My mom's longtime boyfriend actually just three weeks ago suddenly passed away‚ and my mom is unable to listen to any of her music right now. She can't… because the past 18 years of her life… And she loves music. She loves Neil Young and Dylan and stuff‚ but those songs have become such a part of what her life was with this man that now she listens to it and it just‚ like‚ cripples her. It's amazing how it can shape you.
It's a powerful thing‚ yeah. It can hurt you‚ too‚ when you're down and you listen to the wrong song. [laughter]
No‚ that's good. I'm glad you said that‚ because part of what I think on Magnificent Fiend is that it seems like you could've recorded the songs and had them be a lot rawer and people would still listen to them and think they were equally as amazing. But I think that's a testament -- you guys put such focus into having everything sound as amazing as it could on that album.
Yeah‚ well‚ thanks. It's supposed to be. I mean‚ especially Howlin Rain. In my years of going to see shows and experimental performances and stuff‚ and it happens when you see indie rock sometimes‚ too‚ you're like‚ "God damn‚ are you doing this for… What are you doing this for?" It's like‚ are you doing this for you or doing it for me? Because I paid to get in‚ and here I am trying to engage and trying to dig this thing‚ and it sucks. I know it stands out in my mind more sometimes when you see an experimental performance or something like that‚ with someone doing just noise from a suitcase and the way it's set up or something. And that's one thing that I always loved about seeing Noel [Von Harmonson] do his solo suitcase noise performances‚ or the Wolf Eyes guys do an extension that philosophy of‚ like‚ hey‚ if you're gonna pop open a suitcase full of noise objects‚ you better give them an AC/DC style performance‚ the most rock 'n' roll performance you can give. You know‚ give this shit to them. There's not as many suitcase electronics shows going on now‚ you know?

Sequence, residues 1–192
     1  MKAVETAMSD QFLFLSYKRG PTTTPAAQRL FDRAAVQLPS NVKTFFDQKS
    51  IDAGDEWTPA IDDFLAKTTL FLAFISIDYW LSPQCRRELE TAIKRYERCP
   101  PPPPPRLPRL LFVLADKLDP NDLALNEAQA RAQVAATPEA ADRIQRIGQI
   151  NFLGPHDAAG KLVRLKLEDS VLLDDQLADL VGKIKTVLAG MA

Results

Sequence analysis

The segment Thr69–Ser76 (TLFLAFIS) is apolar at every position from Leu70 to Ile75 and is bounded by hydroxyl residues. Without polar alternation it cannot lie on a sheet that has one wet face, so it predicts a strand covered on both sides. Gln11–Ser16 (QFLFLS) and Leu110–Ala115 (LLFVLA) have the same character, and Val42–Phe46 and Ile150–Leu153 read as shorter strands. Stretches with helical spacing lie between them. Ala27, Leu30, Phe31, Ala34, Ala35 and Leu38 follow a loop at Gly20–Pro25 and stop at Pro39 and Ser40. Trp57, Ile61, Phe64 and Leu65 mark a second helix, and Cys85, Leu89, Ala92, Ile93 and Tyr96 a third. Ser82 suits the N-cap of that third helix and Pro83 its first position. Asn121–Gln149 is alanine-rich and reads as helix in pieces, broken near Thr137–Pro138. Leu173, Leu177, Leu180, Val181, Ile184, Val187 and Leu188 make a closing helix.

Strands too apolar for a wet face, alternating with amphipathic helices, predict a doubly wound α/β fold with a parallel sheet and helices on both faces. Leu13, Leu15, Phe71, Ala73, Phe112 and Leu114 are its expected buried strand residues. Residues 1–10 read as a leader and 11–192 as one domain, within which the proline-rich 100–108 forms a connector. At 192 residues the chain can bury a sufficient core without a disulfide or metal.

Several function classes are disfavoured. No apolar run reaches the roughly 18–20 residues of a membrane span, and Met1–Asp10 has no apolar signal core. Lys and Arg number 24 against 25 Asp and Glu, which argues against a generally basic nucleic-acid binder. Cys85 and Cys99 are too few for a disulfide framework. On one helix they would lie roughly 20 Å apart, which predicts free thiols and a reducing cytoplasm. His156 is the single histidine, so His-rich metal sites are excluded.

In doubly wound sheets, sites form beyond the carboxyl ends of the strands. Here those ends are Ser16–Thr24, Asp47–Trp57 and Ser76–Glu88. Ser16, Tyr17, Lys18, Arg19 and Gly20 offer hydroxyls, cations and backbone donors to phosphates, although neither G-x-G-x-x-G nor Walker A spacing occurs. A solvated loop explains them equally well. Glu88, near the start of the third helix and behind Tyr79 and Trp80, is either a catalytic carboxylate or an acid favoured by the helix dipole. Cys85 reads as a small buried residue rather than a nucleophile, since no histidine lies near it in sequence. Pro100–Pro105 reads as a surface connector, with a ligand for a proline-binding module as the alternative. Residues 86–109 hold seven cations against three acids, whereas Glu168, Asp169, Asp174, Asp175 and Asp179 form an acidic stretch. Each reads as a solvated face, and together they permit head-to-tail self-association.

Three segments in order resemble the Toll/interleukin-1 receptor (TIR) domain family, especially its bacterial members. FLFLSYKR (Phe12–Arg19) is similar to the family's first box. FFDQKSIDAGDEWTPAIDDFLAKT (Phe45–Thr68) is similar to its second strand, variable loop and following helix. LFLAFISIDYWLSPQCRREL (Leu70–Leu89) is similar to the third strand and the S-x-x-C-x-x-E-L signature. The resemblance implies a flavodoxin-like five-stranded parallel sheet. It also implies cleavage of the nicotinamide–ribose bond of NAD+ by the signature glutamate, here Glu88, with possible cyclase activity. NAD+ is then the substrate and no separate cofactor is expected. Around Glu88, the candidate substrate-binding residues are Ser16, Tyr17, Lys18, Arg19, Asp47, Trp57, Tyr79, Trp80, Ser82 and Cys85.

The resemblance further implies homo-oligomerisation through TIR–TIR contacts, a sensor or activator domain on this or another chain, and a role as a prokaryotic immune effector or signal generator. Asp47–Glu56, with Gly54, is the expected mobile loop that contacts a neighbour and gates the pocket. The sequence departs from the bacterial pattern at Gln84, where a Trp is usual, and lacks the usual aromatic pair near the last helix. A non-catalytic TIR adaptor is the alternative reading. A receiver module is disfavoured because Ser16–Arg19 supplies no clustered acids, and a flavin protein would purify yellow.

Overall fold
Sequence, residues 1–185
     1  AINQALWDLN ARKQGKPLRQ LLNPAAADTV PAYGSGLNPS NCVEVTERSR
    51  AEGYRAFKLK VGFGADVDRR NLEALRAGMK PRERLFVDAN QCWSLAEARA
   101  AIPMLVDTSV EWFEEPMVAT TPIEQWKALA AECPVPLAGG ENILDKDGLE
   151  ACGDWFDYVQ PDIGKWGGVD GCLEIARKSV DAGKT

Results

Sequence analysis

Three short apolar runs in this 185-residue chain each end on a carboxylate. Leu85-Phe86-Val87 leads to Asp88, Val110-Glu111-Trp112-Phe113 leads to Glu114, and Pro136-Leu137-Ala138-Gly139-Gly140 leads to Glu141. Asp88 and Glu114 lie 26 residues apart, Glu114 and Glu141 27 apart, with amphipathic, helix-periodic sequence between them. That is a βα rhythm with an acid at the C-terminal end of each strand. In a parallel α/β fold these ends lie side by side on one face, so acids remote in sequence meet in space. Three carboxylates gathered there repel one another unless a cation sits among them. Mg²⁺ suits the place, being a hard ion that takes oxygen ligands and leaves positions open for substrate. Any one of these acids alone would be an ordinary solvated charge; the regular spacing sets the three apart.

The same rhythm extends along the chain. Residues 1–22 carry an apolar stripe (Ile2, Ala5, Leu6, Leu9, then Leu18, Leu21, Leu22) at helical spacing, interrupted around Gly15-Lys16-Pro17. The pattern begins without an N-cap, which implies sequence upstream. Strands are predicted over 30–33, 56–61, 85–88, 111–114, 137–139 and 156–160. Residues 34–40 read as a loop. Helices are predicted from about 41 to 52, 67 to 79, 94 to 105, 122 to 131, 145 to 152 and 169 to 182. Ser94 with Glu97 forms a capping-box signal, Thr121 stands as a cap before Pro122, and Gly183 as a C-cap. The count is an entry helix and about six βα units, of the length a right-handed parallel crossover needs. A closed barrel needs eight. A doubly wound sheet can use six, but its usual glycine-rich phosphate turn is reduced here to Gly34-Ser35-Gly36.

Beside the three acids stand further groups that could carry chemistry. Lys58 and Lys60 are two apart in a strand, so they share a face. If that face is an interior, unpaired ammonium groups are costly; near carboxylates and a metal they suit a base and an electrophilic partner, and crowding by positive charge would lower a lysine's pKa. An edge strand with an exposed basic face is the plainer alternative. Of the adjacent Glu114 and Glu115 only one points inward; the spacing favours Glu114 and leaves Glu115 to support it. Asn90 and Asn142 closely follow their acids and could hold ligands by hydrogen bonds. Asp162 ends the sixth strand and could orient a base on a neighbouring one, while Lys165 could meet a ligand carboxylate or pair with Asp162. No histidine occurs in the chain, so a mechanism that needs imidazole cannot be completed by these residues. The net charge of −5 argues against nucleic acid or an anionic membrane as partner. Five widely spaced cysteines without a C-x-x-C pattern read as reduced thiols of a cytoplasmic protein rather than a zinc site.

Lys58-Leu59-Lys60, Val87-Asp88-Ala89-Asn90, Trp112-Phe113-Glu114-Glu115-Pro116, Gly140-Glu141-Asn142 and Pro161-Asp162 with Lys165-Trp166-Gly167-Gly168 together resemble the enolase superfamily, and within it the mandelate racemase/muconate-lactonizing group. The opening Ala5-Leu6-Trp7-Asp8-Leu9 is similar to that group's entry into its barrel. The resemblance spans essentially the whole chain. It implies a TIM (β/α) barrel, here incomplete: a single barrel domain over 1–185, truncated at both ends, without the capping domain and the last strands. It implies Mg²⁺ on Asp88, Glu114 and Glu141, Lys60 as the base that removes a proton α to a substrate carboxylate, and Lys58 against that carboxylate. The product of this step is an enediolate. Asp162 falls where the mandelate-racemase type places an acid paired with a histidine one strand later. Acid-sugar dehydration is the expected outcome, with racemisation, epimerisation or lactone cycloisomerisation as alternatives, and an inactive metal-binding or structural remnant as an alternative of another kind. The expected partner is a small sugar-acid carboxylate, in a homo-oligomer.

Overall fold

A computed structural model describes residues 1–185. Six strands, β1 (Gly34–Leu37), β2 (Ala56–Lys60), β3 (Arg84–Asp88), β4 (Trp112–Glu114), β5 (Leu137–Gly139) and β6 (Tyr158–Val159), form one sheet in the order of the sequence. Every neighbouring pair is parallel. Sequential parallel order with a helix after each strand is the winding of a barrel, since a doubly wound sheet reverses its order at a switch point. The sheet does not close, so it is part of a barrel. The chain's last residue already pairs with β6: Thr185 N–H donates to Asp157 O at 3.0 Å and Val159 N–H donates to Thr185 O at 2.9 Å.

Yeah‚ there's still a few though.
Four or five years ago‚ especially when Comets was touring Avatar‚ a lot of people were at shows playing these things. And you'd see them kind of twiddling -- they never look at you -- and they're just‚ like‚ twiddling the knobs‚ keep making some sound. And it's like‚ who's this happening for? A guy like Noel gets up and he's pounding his fist‚ and it's like he's playing "Shook Me All Night Long" by AC/DC on the fuckin' suitcase. You're just like‚ "Whoa." There's no rhythm‚ but you feel that energy that he's giving off. Shit‚ man‚ if nobody would've… If this was an empty room or whatever‚ I wouldn't be here. I can do it for myself in my fucking bedroom.
I saw a suitcase guy the other night‚ actually‚ and I was thinking the same thing. I was like‚ "Man‚ this dude's just doing what anybody does when they smoke a joint and sit in their bedroom with two synthesizers or something." You know what I mean? [laughs] Well‚ what's the difference‚ if there is one‚ between when you're playing the Comets shows and the Howlin Rain shows? Because it seems like with Comets‚ at least you guys were ready to go a little more completely berserk‚ and get out there and stuff.